Age of Mythology
There seems to be something of a pattern in most of the games I’ve played this year: take a “classic” game genre, add lots of spit and polish, and turn it into an incredibly entertaining although thoroughly unoriginal title. This isn’t necessarily a bad thing—we’re getting a lot of solid and enjoyable titles in all of my favorite genres. Age of Mythology fits this profile exactly. It is the best classic RTS game I’ve seen in years, it looks great and it’s a blast to play. And there’s nothing even remotely revolutionary in the entire game.
Age of Mythology is the next in the “Age Of…” line from Ensemble Studios. For anyone who has played Age of Empires II, AoM will seem very familiar. The gameplay has been tweaked, the graphics are quite good, and there are some new units and a bit of magic thrown in. Some of the bad things from Age of Empires have been changed (farms now supply infinite food, for example). A few new ideas have been added (town centers can only be built in specific locations on the map). Other than these few changes, however, AoM is essentially the same game as its predecessor. Those who liked the previous title will very much enjoy AoM. Those who didn’t care for the original certainly won’t be wooed over.
I’ve covered much of the game in my preview, and not a lot has changed from the Beta version, so I don’t want to repeat too much here. In a nutshell, gameplay happens in typical RTS fashion—Empires gather resources that are then used to construct buildings, research technologies, and build troops. Those troops are then sent forth to conquer whoever might be in need of a good conquering. The resources include the familiar gold, wood, and food, along with a newcomer: divine favor. Favor is used to buy the special mythological troops and divine technologies.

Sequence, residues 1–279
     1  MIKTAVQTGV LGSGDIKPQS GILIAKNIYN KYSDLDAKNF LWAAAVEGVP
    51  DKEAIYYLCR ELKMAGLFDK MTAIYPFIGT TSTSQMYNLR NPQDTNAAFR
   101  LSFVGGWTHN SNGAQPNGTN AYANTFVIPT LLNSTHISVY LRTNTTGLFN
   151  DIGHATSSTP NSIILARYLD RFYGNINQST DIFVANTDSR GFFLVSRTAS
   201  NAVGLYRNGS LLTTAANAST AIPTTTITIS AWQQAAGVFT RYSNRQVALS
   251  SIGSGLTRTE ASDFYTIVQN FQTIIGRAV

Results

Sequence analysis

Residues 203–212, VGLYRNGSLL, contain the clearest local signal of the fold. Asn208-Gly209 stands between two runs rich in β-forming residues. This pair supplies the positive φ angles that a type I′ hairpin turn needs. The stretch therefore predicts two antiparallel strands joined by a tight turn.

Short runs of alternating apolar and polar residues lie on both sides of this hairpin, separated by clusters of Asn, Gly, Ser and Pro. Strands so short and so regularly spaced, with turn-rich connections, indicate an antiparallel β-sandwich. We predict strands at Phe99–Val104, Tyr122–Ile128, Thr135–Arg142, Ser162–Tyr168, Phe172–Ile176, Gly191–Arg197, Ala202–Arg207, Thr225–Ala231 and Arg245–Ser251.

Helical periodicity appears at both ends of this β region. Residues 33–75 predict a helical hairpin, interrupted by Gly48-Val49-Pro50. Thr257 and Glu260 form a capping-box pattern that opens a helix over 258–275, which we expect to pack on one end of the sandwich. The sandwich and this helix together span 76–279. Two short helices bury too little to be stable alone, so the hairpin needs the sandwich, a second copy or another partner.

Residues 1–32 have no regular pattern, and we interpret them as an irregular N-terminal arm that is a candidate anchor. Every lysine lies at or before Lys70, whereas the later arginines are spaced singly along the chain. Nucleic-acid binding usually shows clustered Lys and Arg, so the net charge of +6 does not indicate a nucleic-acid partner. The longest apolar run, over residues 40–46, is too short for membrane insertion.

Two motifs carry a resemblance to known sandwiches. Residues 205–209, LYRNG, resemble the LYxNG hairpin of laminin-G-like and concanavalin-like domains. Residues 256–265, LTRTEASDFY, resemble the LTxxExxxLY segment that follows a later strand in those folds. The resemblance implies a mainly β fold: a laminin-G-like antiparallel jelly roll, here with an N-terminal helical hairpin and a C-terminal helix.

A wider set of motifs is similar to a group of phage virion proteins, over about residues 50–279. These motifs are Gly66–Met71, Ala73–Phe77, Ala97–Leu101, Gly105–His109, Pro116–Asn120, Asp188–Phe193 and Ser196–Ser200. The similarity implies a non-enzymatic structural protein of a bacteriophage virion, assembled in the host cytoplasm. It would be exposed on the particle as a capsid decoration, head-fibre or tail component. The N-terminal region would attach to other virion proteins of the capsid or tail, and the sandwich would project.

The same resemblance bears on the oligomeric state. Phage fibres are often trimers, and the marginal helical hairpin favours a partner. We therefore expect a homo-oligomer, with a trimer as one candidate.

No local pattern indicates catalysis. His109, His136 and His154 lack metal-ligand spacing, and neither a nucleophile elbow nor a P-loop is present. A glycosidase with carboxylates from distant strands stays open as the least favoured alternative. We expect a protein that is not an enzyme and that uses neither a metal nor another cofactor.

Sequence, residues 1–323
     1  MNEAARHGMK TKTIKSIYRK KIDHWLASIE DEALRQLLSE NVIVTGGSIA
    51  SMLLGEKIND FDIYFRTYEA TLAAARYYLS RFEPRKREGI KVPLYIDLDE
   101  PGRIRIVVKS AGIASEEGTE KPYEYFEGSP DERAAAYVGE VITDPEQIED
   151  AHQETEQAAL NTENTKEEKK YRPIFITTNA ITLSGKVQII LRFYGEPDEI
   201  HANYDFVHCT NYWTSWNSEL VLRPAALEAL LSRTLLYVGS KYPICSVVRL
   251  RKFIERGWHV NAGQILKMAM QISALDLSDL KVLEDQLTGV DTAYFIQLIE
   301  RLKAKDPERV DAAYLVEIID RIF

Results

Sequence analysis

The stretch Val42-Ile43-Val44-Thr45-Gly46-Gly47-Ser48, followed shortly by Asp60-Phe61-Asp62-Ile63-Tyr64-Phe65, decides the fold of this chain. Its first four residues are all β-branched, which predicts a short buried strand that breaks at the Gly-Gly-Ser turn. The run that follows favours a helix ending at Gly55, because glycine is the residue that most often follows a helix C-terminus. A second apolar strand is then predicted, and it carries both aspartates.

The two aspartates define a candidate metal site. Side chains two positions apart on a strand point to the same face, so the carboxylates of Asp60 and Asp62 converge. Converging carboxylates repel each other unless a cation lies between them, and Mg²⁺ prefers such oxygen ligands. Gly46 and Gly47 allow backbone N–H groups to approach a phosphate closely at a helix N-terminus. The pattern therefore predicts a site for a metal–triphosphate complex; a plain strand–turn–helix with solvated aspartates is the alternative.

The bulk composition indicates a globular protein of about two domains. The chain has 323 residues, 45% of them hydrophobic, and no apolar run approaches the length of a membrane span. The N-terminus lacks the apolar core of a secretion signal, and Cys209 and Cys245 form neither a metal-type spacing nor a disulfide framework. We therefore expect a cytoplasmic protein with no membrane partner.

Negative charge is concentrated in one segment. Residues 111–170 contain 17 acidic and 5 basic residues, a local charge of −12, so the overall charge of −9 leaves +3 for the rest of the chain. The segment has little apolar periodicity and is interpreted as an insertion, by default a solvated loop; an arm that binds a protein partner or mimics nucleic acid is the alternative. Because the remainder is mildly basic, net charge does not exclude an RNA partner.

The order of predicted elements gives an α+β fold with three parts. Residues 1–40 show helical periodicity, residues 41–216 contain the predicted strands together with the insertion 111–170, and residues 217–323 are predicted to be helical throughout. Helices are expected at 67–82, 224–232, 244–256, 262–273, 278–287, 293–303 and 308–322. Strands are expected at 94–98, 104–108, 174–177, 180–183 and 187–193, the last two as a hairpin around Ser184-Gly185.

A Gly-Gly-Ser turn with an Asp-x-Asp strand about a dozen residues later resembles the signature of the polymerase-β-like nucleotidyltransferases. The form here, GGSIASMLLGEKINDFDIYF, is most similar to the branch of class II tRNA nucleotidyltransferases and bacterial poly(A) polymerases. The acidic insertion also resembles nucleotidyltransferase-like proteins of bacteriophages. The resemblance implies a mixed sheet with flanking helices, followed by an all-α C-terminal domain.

Divine technologies? Mythological troops? Maybe I’m getting a little bit ahead of myself. Age of Mythology isn’t exactly like Age of Empires. Three empires have come to play this time around, and they’ve brought a healthy dose of their gods and mythology along for the ride. The Greeks are the most straightforward of the empires to handle. They behave most like empires from Age of Empires II. The units are more expensive that those of the other empires, but they tend to last a bit longer. Greek armies can call forth units such as the Pegasus, the Cyclops, and the Manticore, to name a few. They can also summon famous Hero units, such as Jason the Argonaut or Hercules. These hero units are quite a bit more powerful than ordinary mortals, they have the ability to regenerate health, and they do very well at defeating other mythological units. When the Greeks want to generate favor from the gods, they have to set some of their gatherers to pray at the temple, tying up units that could be useful elsewhere.